Plastic Bottles: Are They Safe & What Do The Numbers Mean?

Have you ever noticed or paid close attention to the plastic beverage bottles you buy in a grocery or convenience store?

Drinks such as water, fruit juice, soda, iced teas, smoothies, etc generally come in plastic bottles.

Have you ever wondered what the ‘number in the triangle’ means or stands for?

There is a number stamped in a triangle (see image below) on the bottom of just about every plastic bottle we use, which varies from one to seven. I’ve read in various sources  where claims have been made that the particular number represents the recycling process of the plastic, specifically, the amount of times that exact bottle has been recycled, but in reverse order. Well … yes and no … While it does have everything to do with recycling, the number of times an item has been recycled has absolutely nothing to do with that particular number.

That number actually represents the type of plastic which is used in the manufacturing of that particular type of bottle. For example, the number ‘5’ is made out of polypropylene (PP) while the number ‘1’ is called PET which stands for polyethlyene terephthalate.

The numbers below represent the material (type of plastic) that goes into the making of that specific bottle. This number will be useful for you when sorting through the bottles for recycling, but more importantly, the number will help you to determine which bottle is best for reusing or refilling for your own personal use.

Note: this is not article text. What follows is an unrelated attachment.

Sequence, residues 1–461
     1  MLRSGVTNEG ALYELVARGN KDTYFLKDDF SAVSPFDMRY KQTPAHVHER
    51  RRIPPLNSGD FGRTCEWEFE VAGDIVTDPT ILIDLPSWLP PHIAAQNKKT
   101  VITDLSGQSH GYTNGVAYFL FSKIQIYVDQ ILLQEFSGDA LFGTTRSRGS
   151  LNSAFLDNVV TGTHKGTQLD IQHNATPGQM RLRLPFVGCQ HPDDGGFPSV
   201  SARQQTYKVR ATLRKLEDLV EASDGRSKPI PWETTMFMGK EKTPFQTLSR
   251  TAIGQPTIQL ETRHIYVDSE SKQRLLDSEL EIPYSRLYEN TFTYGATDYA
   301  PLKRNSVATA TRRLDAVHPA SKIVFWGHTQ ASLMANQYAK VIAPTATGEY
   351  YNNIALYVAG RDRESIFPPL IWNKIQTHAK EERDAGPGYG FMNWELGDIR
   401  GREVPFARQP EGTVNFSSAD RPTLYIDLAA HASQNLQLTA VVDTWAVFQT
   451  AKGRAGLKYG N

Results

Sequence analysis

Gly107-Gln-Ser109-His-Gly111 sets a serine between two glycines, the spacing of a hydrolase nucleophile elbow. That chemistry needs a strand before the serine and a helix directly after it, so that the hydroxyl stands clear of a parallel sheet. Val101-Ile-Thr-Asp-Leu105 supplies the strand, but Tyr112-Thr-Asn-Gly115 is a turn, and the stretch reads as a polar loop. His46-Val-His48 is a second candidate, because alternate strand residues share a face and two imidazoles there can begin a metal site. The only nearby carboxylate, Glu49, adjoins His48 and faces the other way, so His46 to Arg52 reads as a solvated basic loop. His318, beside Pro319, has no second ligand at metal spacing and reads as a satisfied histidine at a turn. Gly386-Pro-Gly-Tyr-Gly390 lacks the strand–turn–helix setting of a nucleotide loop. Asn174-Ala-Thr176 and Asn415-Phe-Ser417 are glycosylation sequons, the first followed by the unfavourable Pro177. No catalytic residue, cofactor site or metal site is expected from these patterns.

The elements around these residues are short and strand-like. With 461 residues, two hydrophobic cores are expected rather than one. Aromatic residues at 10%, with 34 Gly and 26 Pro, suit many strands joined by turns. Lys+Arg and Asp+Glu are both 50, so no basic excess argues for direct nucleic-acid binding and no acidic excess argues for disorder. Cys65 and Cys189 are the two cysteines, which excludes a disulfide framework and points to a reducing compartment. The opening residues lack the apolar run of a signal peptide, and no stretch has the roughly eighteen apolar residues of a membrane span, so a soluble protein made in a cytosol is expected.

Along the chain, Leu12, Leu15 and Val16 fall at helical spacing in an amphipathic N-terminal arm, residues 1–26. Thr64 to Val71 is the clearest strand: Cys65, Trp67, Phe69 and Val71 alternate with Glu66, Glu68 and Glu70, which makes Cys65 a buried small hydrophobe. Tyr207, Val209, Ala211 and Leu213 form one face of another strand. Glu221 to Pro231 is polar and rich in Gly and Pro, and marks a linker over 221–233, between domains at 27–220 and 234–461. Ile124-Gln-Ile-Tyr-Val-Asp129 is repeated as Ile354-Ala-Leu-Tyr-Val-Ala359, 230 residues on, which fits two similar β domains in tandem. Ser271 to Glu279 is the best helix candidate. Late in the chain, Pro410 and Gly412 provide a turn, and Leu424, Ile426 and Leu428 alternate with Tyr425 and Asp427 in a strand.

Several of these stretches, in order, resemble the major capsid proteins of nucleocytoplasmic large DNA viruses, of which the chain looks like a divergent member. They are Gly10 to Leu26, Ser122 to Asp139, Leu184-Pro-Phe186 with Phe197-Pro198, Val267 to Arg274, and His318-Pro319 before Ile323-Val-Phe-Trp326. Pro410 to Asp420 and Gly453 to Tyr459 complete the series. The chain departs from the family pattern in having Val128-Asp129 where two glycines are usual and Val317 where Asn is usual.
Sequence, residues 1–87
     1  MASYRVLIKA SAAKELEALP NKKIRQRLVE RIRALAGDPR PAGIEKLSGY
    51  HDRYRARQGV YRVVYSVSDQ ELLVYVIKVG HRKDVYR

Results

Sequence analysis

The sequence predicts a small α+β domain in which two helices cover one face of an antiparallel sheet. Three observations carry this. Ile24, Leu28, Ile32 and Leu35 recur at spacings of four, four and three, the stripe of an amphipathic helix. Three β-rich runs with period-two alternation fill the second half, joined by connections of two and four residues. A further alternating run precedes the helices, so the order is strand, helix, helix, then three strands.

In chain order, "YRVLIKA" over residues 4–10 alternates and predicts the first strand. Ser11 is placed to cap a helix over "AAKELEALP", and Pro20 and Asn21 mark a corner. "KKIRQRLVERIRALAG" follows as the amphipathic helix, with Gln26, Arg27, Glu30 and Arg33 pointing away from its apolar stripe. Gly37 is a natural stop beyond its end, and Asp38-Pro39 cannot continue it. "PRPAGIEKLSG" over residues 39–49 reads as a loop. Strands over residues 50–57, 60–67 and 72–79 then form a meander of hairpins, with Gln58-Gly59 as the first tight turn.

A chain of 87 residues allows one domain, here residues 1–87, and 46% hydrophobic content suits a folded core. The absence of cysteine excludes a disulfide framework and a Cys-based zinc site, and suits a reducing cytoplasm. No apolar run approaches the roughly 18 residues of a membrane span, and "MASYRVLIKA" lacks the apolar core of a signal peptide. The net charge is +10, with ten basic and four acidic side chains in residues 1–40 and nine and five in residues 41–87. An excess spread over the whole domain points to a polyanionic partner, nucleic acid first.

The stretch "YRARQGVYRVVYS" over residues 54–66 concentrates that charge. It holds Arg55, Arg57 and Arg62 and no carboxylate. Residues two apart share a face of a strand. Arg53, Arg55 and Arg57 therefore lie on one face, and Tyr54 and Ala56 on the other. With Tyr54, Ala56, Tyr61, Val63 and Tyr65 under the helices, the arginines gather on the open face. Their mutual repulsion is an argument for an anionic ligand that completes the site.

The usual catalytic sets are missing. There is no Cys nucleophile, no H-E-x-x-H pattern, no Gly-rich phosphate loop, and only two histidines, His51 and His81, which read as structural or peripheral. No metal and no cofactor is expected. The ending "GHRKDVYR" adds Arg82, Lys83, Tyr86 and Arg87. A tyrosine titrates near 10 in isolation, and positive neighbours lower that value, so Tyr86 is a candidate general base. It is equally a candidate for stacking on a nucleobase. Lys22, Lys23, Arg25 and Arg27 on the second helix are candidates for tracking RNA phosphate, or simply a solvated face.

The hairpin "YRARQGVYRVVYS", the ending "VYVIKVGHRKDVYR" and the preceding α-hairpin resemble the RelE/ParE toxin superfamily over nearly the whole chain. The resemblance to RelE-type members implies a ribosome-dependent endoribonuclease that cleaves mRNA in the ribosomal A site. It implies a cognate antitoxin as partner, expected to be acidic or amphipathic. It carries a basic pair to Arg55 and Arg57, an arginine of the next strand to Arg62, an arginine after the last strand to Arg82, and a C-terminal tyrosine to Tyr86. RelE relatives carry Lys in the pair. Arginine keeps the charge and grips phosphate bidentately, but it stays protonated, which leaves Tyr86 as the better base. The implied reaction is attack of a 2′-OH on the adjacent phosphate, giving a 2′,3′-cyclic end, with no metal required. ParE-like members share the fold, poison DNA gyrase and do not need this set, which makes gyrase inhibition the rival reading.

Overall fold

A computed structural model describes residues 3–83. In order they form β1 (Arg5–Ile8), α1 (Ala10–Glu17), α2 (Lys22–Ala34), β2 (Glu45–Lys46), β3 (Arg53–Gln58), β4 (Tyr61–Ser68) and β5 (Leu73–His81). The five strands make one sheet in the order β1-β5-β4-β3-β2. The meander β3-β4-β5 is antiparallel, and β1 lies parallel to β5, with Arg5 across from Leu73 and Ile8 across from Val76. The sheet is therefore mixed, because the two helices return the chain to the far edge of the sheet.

Different types of plastics are sometimes referred to as “resins” and the numeric symbols are known as “Resin ID Codes.”

The following chart represents the ‘Resin ID Codes’ or ‘Plastic Identification Number’ (PIN) found on each plastic bottle.


# 1 –> PET ….. polyethlyene terephthalate
# 2 –> HDPE …..
high-density polyethylene
# 3 –> PVC …..
polyvinyl chloride
# 4 –> LDPE …..
low-density polyethylene
# 5 –> PP …..
# 6 –> PS/PS-E …..
polystyrene / expanded polystyrene
# 7 –> OTHER …..
resins or multi-materials

* More details/information, as to what types of containers are used for different products, can be found towards the end of this posted article.


Which plastic water bottles don’t leach chemicals?

Choose your water bottles very carefully in order to prevent chemicals in the plastic from leaching into your water.

water_bottle-300x300Plastic water bottles are very convenient for carting water around when we are on the go, as they don’t break if we drop them. However, it is worth paying attention to the type of plastic your water bottle is made of, to ensure that the chemicals in the plastic do not leach into the water. If you taste plastic, you are drinking it, so get yourself another bottle.

To be certain that you are choosing a bottle that does not leach, check the recycling symbol on your bottle. If it is a #2 HDPE (high density polyethylene), or a #4 LDPE (low density polyethylene), or a #5 PP (polypropylene), your bottle is fine.